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A ‘fun day’ at sea

Editor’s note: Erica Silverstein is at sea this week posting about her experiences onboard Carnival’s Fantasy. Follow along from the beginning at the Ship to Shore homepage.

On Carnival, everything is “fun.” The ships are “fun ships,” its mascot is “Fun Ship Freddy,” and a day at sea is a “fun day at sea.” On this five-night cruise, only one day is a sea day, so I’ve tried to see and do as much as possible.

I started the morning with a 9 a.m. Pilates class. Either the early start or the $10 charge scared away most of the participants, so the class consisted of two women and the instructor. Ten bucks and tip isn’t a bad price for a semi-private workout session. I haven’t done much Pilates before, but I can attest that it was an intense workout. The ship’s rolling didn’t affect me too much, except for in some of the balance poses.

Next, I headed up to the deck for some R&R. The adult-only pool area was quieter and less crowded than the main pool deck, so I did my reading up there. I was sorely tempted to order a tropical drink in a monkey-shaped coconut for $14.95, but I couldn’t bear to start drinking before 11 a.m.! I was in the minority on that one.

After a quick lunch in the buffet, I watched ice sculpting and the hairy chest competition by the main pool. The hirsute men were forced to dance, give a Tarzan yell, and pose like bodybuilders while four lucky women and the rest of the onlookers chose the manliest man. I tell you, you haven’t lived until you’ve witnessed a hairy man contest. Later, I competed with some new friends in the trivia contest. I won the first game with my partner and am now the proud owner of a Carnival gold medal. Unlike other cruise lines, Carnival doesn’t seem to hand out tokens for winning games that you can later trade for logo swag.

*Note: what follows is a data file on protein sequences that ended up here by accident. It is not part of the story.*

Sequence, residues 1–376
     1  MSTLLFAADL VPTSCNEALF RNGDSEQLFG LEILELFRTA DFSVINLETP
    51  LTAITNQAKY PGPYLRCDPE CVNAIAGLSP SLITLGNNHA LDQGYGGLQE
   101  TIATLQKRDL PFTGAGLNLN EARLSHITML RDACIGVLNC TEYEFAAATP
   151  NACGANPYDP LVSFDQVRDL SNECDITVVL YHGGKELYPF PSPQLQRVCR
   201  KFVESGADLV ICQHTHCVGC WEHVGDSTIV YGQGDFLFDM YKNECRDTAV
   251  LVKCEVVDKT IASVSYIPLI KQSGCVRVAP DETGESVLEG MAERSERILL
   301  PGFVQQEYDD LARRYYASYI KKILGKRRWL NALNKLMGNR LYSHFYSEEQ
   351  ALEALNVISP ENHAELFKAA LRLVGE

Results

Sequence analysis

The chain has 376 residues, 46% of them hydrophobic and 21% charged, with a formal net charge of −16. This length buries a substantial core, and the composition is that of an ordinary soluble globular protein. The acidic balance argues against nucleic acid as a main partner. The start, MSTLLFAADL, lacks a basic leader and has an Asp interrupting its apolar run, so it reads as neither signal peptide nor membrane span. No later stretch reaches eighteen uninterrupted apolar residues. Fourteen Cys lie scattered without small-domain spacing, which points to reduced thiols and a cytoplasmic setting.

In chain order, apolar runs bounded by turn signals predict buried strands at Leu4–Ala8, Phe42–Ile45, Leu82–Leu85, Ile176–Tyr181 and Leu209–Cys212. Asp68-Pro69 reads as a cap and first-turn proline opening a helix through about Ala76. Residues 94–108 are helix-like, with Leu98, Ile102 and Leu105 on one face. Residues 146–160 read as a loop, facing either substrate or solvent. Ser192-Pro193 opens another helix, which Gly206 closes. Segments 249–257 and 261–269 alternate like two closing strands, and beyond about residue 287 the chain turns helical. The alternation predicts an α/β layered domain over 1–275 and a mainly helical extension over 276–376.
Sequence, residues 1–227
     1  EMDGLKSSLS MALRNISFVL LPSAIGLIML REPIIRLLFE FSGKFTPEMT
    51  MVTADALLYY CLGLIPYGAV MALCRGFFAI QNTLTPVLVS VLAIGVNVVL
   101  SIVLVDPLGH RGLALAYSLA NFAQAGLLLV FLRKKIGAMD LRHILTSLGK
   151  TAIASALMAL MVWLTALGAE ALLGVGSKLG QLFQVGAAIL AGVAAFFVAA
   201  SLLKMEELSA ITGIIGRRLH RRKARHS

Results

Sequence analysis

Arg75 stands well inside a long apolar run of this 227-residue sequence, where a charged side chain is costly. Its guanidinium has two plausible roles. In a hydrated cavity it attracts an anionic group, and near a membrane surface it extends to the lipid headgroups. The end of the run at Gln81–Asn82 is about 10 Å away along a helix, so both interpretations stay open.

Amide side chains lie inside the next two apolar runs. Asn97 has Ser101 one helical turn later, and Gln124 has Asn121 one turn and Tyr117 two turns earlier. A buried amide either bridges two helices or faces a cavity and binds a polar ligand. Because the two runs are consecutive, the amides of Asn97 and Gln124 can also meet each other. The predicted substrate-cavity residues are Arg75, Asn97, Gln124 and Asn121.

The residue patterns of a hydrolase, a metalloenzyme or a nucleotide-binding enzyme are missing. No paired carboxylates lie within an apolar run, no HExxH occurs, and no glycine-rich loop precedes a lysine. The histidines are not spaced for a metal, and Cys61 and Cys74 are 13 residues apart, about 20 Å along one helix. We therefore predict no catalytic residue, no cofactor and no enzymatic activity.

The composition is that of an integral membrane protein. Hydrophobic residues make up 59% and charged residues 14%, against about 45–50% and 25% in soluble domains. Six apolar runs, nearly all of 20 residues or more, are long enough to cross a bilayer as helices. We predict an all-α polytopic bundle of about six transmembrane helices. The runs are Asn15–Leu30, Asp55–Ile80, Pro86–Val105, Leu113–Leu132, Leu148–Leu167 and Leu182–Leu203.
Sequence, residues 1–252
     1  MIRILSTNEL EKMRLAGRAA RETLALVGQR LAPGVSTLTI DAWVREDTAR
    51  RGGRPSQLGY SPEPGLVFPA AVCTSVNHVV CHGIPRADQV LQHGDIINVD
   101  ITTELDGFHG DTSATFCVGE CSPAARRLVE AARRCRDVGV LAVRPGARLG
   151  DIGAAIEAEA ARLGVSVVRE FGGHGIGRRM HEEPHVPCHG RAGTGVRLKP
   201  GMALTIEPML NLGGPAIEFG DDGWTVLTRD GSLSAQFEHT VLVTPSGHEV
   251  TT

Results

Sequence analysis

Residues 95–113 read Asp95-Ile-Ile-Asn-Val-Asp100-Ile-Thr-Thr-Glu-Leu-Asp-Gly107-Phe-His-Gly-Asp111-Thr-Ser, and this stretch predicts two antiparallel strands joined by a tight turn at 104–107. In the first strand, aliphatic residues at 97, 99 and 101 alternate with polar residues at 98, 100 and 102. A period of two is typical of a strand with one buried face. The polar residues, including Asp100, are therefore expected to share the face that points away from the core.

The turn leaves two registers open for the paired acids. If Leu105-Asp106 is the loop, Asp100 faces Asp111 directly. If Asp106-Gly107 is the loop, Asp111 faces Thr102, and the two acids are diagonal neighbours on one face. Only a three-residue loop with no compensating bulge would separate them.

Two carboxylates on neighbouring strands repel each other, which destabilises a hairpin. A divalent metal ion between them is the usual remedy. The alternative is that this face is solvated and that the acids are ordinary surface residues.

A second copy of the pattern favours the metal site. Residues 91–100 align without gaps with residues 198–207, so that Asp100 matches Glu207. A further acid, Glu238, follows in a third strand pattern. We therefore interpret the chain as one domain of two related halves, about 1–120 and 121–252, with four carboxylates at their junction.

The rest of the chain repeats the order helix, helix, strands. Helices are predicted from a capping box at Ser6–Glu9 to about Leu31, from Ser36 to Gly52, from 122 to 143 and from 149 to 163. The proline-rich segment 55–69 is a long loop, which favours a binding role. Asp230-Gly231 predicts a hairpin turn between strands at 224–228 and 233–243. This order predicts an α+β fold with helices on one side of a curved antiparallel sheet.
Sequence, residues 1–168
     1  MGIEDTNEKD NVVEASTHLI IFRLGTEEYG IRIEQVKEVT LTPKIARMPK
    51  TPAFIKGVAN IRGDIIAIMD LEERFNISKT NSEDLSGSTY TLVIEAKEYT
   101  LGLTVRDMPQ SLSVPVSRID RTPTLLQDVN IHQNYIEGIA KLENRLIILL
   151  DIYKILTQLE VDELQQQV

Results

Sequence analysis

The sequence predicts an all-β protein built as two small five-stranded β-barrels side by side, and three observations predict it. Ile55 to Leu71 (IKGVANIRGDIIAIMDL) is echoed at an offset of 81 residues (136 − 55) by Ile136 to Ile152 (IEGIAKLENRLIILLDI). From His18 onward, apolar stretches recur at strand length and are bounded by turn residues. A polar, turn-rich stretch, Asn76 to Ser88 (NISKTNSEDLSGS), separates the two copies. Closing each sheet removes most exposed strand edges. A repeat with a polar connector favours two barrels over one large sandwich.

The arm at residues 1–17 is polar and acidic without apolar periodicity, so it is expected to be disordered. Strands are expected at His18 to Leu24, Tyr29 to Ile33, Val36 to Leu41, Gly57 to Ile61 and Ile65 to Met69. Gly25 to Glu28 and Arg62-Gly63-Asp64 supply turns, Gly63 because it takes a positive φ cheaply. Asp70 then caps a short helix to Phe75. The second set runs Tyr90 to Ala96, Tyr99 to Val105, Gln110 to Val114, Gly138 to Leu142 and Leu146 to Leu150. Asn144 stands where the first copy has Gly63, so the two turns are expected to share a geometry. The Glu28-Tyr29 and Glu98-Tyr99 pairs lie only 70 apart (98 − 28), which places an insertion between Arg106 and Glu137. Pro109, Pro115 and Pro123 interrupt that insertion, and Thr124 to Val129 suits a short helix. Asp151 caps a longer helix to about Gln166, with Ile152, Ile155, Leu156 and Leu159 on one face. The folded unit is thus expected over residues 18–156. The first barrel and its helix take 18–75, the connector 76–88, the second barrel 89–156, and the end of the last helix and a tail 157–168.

Other afternoon activities included multiple sessions of bingo, an Austin Powers dance class, and an art auction (with free champagne). The casino, shops, spa, and fitness center were open all day, and when in doubt, guests could always find something to eat or lay out by the pool. Personally, I would have liked a few more organized activities because I can’t sit in the sun all day long.

A reader asked if seniors would enjoy a Carnival cruise, and I think they would if they enjoy any of the aforementioned activities. Carnival so far hasn’t offered bridge, discussion groups, or informative lectures—activities that cater to a more mature audience. But if you’re young at heart and like to have fun, Carnival is a fine cruise line. If you’re worried about a ship filled with screaming children, just avoid school breaks and summer holidays.

Tonight is the Captain’s dinner and formal night. On the menu, we have Pacific salmon, broiled lobster tail, sweet and sour duck breast, prime rib, grilled brochettes of fresh vegetables, and trunnette puttanesca (don’t know what that is, but as my fiance can attest, I hate anything puttanesca). Tomorrow, we arrive at our first port-of-call—Grand Turk.

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